Using ConTeXt to convert markdown to PDF

I am using markdown to write the course notes for a lecture that I am teaching this semester. The notes have no math—just text and images—and markdown is the ideal input format. At the same time, I am easily convert a markdown file to a nicely typeset pdf using pandoc—with the ConTeXt filter module providing the plumbing.

However, it took me a while to come up with a work flow that I like. Normally, to use the filter module I have to create a tex file that that converts and inputs the appropriate markdown file; something like:

% file: 01-intro.tex
% Boilerplate code to typeset a markdown file

\environment ECSE321
% ECSE321.tex is the environment file that
% sets up the layout, fonts, and style. It
% also loads the filter module and sets up
% a |markdown| external filter environment.

\starttext
\processmarkdownfile{01-intro.txt}
% This command converts 01-intro.txt into a
% tex file and inputs the result
\stoptext

However, such a setup gets frustrating very quickly. For each lecture, I need to create two files: a markdown file (like 01-intro.txt) and a tex file with boilerplate code (like 01-intro.tex above). I might be able to get rid of the boilerplate tex file by writing a script that creates the file—adding needless complexity to a simple task. Wouldn’t it be nice if I could just say

context <magic options> 01-intro.txt

That is, compile the markdown file directly. After thinking about it for a while, I realized that this task was simple. I just needed to load the environment file and ask it to run \processmarkdownfile on the current input file. ConTeXt provides a switch --enironment=filename to specify an environment file; the macro \inputfilename contains the name of the input file (\jobname contains the name without extension. \inputfilename contains the name with extension). So, I just needed to add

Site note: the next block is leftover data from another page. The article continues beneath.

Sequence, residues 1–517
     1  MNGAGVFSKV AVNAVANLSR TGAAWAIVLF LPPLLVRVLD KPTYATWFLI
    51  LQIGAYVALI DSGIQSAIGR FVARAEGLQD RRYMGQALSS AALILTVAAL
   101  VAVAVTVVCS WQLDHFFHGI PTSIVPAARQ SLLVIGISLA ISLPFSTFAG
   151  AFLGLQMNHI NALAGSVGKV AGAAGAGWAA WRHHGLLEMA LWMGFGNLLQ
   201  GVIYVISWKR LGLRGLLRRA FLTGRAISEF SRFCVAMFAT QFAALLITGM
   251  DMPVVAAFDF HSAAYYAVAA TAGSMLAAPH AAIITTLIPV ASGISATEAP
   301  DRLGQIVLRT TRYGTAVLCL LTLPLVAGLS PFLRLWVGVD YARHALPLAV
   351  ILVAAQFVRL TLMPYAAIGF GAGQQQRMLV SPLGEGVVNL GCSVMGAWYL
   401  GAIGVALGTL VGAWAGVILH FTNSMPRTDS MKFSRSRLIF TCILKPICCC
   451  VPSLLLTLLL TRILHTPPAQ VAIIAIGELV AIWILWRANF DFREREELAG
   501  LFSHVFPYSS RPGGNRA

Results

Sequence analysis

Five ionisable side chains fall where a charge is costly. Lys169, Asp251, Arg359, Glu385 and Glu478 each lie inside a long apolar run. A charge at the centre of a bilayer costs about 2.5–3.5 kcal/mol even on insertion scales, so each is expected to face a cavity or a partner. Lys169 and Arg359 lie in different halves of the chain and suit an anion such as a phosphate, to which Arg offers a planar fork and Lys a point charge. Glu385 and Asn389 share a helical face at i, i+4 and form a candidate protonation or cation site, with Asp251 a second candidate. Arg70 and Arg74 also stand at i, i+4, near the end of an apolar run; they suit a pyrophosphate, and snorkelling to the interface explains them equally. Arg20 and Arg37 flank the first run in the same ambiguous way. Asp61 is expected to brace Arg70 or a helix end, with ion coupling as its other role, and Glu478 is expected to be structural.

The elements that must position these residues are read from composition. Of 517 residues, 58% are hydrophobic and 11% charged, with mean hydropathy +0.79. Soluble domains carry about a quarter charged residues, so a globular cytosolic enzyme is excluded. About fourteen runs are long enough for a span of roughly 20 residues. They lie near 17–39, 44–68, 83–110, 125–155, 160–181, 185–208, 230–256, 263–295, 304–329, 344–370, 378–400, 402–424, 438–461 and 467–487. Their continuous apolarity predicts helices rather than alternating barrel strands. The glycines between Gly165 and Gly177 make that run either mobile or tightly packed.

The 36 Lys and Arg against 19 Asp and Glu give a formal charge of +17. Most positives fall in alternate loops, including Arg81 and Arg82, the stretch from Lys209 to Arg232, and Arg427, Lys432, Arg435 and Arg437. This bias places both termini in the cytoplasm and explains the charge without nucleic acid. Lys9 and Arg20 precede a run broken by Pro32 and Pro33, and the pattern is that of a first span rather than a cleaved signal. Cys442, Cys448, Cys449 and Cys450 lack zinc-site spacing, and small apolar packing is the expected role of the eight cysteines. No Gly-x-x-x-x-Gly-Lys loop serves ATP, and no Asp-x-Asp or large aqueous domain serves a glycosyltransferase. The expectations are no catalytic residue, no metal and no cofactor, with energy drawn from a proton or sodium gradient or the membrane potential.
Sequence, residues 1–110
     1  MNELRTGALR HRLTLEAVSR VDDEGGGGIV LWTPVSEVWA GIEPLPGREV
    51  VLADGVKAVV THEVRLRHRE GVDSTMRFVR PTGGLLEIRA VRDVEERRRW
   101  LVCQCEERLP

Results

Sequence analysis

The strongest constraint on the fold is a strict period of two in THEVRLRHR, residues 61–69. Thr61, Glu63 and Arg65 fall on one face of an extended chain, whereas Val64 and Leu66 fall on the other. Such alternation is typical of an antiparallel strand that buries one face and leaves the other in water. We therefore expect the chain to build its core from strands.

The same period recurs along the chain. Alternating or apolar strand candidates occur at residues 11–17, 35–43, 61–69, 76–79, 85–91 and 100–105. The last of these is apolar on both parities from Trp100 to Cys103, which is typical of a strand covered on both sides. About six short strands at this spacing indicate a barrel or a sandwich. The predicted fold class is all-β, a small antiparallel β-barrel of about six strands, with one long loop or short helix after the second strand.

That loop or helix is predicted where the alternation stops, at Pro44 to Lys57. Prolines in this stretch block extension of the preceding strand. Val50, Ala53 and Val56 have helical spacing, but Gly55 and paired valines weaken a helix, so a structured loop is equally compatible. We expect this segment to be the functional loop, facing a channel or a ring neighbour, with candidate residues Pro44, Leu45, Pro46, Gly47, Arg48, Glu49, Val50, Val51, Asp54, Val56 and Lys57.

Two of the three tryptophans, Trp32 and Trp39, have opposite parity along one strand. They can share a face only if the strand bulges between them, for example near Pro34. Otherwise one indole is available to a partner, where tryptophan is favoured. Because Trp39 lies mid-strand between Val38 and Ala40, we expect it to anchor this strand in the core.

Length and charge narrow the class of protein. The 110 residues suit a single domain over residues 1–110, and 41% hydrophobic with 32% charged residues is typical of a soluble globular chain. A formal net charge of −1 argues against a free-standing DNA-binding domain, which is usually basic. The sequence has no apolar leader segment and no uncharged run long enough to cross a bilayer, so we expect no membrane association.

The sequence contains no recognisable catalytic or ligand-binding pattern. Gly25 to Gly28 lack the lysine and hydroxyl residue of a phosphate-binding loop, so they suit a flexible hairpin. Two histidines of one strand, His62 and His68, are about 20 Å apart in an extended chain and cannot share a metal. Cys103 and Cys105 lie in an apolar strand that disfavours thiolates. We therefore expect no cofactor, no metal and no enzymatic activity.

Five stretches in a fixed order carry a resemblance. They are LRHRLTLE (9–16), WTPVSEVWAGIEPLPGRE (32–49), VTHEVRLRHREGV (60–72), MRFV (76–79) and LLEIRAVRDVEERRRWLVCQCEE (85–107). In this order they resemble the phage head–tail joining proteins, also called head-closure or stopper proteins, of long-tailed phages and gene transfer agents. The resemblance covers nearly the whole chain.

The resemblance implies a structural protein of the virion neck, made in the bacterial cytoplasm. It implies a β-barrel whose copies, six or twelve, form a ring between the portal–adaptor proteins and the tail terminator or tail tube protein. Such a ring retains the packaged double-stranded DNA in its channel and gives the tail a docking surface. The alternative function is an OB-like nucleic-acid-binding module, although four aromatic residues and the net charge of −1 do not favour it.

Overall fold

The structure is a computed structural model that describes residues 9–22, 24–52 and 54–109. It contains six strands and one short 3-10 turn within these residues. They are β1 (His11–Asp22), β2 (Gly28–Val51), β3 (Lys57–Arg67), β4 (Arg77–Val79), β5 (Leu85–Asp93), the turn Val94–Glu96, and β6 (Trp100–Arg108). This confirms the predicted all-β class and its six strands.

\processmarkdownfile{\inputfilename}

at the appropriate place in the environment file. So, I modified the environment file as follows:

% file ECSE321.tex
\startenvironment ECSE321

% Setups for fonts, layout, and styles

\usemodule[filter]

\defineexternalfilter
[markdown]
[filtercommand={pandoc -f \externalfilterparameter{format} -t context
-i \externalfilterinputfile\space
-o \externalfilteroutputfile},
format=markdown,
directory=output]

\stopenvironment

\doifnotmode{standalone}{\endinput}
\starttext
\processmarkdownfile{\inputfilename}
\stoptext

If the standalone mode is not set, ConTeXt stops reading the environment file after \stopenvironment. If the mode is set, it processes the input file as a markdown file. So, I can invoke ConTeXt using

context --environment=ECSE321 --mode=standalone 01-intro.txt

to directly compile a markdown file to pdf. To simplify this process, I added

alias lec='context --environment=ECSE321 --mode=standalone'

in my .zshrc file and now I am happily compiling my lecture notes using

lec 01-intro.txt

5 thoughts on “Using ConTeXt to convert markdown to PDF”

1. Great. Does pandoc provide a syntax for literal ConTeXt snippets for, e.g. lua or TikZ?

• Pandoc passes everything inside a context environment \start<whatever>\stop<whatever> unchanged. So, the contents of \startluacode ... \stopluacode and \starttikzcode .. \stoptikzcode are not touched. If you want more control, you can write stuff inside \startCONTEXT ... \stopCONTEXT environment, and add \let\startCONTEXT\donothing and \let\stopCONTEXT\donothing in your style file.

2. While this looks extremely cool, I cannot get it to work with the latest context. Context seems to insist on processing the markdown file.

I *can* get it to work in the original, “quickly frustrating” way, but as you point out, you end up with a lot of files that do very little.

(My application is monthly progress reports for a project, and I’m using markdown so that I have both the PDF sent in to the client, and an easy way to render a web page or even a .doc file down the road)

• Now ConTeXt stops reading the current file when it encounters a \stopenvironment. So, you need to use

\doifnotmode{standalone}{\stopenvironment}